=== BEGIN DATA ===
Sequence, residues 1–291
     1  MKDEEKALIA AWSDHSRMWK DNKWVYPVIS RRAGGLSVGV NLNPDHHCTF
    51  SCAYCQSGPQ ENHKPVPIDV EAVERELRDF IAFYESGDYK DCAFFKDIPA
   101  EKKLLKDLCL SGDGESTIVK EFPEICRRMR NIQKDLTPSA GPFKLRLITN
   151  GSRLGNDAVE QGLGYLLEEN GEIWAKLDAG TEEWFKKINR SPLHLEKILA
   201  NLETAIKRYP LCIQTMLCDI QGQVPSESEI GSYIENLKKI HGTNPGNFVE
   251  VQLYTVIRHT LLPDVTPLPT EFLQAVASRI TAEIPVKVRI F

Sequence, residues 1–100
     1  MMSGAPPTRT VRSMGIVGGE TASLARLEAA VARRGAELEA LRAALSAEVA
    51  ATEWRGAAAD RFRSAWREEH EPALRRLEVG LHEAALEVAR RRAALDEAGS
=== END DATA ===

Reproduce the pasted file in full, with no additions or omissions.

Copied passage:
Sequence, residues 1–291
     1  MKDEEKALIA AWSDHSRMWK DNKWVYPVIS RRAGGLSVGV NLNPDHHCTF
    51  SCAYCQSGPQ ENHKPVPIDV EAVERELRDF IAFYESGDYK DCAFFKDIPA
   101  EKKLLKDLCL SGDGESTIVK EFPEICRRMR NIQKDLTPSA GPFKLRLITN
   151  GSRLGNDAVE QGLGYLLEEN GEIWAKLDAG TEEWFKKINR SPLHLEKILA
   201  NLETAIKRYP LCIQTMLCDI QGQVPSESEI GSYIENLKKI HGTNPGNFVE
   251  VQLYTVIRHT LLPDVTPLPT EFLQAVASRI TAEIPVKVRI F

Sequence, residues 1–100
     1  MMSGAPPTRT VRSMGIVGGE TASLARLEAA VARRGAELEA LRAALSAEVA
    51  ATEWRGAAAD RFRSAWREEH EPALRRLEVG LHEAALEVAR RRAALDEAGS